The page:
TOPEKA, Kan. — The fate of a proposed anti-abortion amendment to the Kansas Constitution could depend more on when it would appear on the ballot than the language being considered by the Republican-controlled Legislature.

Supporters of the proposal for overturning last year’s Kansas Supreme Court decision protecting abortion rights announced Thursday that they want to put their measure on the August primary ballot. They believe it has a better chance of passing in that lower-turnout election than in the November general election.

But some moderate Republicans oppose putting the measure on the primary ballot, arguing that such an important question should be settled in the highest-turnout election possible. They also face the prospects of a ballot question in August that could drive conservative voters to the polls, making it harder for moderate GOP candidates to win primary races.

“That has occurred to some of us — yes, it has,” said state Rep. Don Hineman, a moderate Republican from western Kansas who lost the House majority leader’s position after conservatives gained clout in the 2018 elections.

Kansans for Life and other anti-abortion groups outlined the proposed amendment on Thursday during a Statehouse news conference. Abortion opponents need two-thirds majorities in both chambers to put it on the ballot. Voters would then have to approve the measure with a simple majority. Lawmakers pick the election date.

Election-year politics already hang over the debate. All 40 state Senate and 125 state House seats are on the ballot this year, with moderates hoping to gain clout within the GOP and Democrats looking to break Republican supermajorities.

Also, a hotly contested Republican primary for an open U.S. Senate seat is likely draw conservatives to the polls in August.

“That is an ongoing conversation people have,” said state Rep. Tom Cox, a moderate Kansas City-area Republican who backs an amendment and says he doesn’t have a preferred date. “It likely hurts Democrats if it’s on the general, and it likely hurts moderate Republicans if it’s on the primary.”

The Legislature has had solid anti-abortion majorities for two decades, but both sides say the vote among lawmakers on a proposed constitutional change could be close. Abortion opponents last year barely failed to override Democratic Gov. Laura Kelly’s veto of a bill to require abortion providers to tell patients about a disputed treatment to stop a medication abortion once it has started.

Kansans for Life and GOP leaders are trying to stymie any push for an abortion ban, fearing it would fail. Instead, they’re looking to preserve the Legislature’s power to regulate abortion — though abortion-rights supporters contend that with that power, anti-abortion lawmakers eventually would push for severe restrictions or a ban.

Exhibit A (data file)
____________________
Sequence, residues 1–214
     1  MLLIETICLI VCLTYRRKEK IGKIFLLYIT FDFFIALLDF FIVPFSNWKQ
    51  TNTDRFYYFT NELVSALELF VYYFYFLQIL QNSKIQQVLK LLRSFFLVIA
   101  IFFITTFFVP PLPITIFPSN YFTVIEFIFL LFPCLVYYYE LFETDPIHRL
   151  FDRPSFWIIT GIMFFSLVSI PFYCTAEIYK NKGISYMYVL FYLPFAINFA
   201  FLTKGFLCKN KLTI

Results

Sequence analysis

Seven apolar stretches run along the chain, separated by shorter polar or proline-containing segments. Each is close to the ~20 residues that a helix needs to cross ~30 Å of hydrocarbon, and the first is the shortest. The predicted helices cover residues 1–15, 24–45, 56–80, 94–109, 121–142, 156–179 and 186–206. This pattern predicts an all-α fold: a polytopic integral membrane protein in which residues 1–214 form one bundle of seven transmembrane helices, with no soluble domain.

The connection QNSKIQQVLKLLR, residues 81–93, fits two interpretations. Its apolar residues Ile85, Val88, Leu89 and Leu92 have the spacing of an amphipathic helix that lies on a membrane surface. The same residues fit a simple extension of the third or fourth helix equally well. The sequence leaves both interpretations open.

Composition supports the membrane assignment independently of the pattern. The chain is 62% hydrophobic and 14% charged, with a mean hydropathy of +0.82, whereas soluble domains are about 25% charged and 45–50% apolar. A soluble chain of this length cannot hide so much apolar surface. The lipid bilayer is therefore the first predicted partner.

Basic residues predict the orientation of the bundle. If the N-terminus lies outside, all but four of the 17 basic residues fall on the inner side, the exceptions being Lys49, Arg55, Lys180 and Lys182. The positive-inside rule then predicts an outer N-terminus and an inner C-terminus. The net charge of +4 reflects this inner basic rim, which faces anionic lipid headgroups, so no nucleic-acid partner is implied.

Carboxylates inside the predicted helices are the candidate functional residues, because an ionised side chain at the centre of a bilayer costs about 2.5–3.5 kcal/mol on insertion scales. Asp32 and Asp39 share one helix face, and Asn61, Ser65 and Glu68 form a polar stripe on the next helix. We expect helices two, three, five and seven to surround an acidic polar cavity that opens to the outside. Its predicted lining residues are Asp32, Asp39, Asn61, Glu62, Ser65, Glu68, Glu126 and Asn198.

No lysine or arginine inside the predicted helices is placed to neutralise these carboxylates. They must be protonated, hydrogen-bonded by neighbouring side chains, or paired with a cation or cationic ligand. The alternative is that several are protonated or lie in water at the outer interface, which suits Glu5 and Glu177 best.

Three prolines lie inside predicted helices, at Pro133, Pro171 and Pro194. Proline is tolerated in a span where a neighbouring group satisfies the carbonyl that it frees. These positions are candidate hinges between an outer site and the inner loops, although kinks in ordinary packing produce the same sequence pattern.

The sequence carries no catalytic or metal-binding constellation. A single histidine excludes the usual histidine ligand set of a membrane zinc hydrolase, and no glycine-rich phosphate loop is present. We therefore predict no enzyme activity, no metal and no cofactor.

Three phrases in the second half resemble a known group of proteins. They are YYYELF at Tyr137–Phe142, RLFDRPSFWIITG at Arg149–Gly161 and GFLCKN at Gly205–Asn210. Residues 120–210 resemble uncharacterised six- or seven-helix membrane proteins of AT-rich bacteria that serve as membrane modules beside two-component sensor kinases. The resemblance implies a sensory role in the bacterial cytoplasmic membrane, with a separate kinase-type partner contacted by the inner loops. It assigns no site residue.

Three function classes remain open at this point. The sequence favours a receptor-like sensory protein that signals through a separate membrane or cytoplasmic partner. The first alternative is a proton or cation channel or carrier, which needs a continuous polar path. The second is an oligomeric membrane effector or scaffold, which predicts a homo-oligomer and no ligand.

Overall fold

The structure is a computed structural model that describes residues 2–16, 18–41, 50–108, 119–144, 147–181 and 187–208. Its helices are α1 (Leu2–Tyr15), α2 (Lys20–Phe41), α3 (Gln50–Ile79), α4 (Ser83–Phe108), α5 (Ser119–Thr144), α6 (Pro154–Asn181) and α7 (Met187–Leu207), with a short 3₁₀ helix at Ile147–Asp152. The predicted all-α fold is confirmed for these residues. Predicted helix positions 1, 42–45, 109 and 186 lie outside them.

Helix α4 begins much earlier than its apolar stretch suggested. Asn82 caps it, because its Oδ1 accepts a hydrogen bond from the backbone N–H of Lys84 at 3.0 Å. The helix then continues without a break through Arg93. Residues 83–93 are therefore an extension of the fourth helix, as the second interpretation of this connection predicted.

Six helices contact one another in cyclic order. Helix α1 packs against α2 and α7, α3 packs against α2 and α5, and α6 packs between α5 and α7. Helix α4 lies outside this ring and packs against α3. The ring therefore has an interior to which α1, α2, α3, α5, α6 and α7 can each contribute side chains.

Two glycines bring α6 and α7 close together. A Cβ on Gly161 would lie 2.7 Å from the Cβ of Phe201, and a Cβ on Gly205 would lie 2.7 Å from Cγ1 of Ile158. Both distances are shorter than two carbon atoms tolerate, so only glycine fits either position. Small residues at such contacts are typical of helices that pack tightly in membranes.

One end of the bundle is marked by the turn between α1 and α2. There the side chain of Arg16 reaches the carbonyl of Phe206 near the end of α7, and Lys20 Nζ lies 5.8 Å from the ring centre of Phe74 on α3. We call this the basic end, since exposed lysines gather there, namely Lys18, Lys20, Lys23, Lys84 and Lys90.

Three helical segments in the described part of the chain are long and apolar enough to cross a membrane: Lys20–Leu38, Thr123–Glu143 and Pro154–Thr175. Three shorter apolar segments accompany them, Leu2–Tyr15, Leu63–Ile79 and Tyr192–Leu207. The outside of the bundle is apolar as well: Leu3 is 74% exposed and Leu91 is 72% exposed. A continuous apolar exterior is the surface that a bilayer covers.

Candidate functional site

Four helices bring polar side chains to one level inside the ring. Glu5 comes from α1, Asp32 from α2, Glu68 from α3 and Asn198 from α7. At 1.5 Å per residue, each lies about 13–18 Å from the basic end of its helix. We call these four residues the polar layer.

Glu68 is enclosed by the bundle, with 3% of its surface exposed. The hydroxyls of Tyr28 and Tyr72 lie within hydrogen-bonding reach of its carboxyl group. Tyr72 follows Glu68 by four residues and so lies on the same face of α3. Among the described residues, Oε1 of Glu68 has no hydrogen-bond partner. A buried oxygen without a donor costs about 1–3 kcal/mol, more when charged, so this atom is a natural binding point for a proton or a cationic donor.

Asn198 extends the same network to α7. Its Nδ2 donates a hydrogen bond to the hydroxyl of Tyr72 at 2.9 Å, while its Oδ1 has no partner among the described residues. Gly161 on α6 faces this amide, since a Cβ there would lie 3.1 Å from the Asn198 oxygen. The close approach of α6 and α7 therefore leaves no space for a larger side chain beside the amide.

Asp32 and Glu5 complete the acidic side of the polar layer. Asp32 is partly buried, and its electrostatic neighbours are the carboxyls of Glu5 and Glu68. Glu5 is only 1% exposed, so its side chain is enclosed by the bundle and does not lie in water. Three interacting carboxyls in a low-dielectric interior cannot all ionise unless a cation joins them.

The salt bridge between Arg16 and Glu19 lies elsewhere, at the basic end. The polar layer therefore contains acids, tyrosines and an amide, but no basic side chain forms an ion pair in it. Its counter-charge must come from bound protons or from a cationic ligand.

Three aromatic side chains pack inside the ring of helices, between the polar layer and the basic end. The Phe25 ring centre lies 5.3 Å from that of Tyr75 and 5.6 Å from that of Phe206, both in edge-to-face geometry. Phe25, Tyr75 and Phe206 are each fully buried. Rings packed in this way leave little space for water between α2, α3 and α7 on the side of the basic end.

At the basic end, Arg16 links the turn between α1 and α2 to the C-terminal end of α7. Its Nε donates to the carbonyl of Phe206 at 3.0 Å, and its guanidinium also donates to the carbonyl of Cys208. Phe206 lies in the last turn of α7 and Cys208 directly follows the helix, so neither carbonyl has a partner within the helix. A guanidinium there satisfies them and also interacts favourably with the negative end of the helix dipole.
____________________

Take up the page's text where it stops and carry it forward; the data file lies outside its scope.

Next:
“I think it does have a little bit better chance of passing in the primary,” said House Majority Leader Dan Hawkins, a Wichita Republican.

The Kansas Supreme Court ruling in April declared access to abortion a “fundamental” right under the state’s Bill of Rights. Abortion opponents are afraid that if they fail in changing the state constitution, state courts will invalidate a raft of abortion restrictions enacted over the past decade before Kelly, an abortion rights supporter, took office a year ago.

The proposed amendment is modeled after one approved by Tennessee voters in 2014. It declares that the state constitution does not “secure” a right to abortion and legislators may pass laws to restrict or regulated abortion, except as limited by the U.S. Constitution.

Jeanne Gawdun, a Kansans for Life lobbyist, said that the group wants to make sure that the issue doesn’t get lost among other election issues. That’s less likely in the primary, she said.

“It is the time where Kansans will most be focused on Kansas, and it won’t be clouded by other things going on around the nation,” said Brittany Jones, advocacy director for the conservative Family Policy Alliance of Kansas.

Some abortion rights supporters believe they have a better chance of defeating the amendment in a general election, partly because far more unaffiliated voters participate.

In fact, Rep. John Carmichael, a Wichita Democrat who supports abortion rights, said: “They’ll lose the amendment in the general.”

Turnout is certain to be higher in the general election, when President Donald Trump is on the ballot. In 2016, the last presidential election year, the primary turnout was 22%, compared to a general election turnout of 67%.

“If you want to get a broader perspective of how the state feels, you probably want to put in an election where you have more voters voting,” said Rep. Brenda Dietrich, a moderate Topeka Republican.

Rachel Sweet, a lobbyist for abortion provider Planned Parenthood Great Plains, called putting the question on the primary ballot a “cynical” move designed only to increase its chances of passing by limiting voter participation.

“Where do we have the majority of our primary races? Historically, it’s been in the Republican Party,” said Julie Burkhart, CEO of the Trust Women Foundation, which operates a clinic providing abortions in Wichita. “Historically, you see that more ideologically rigid, anti-choice, anti-abortion candidates tend to prevail in primaries.”

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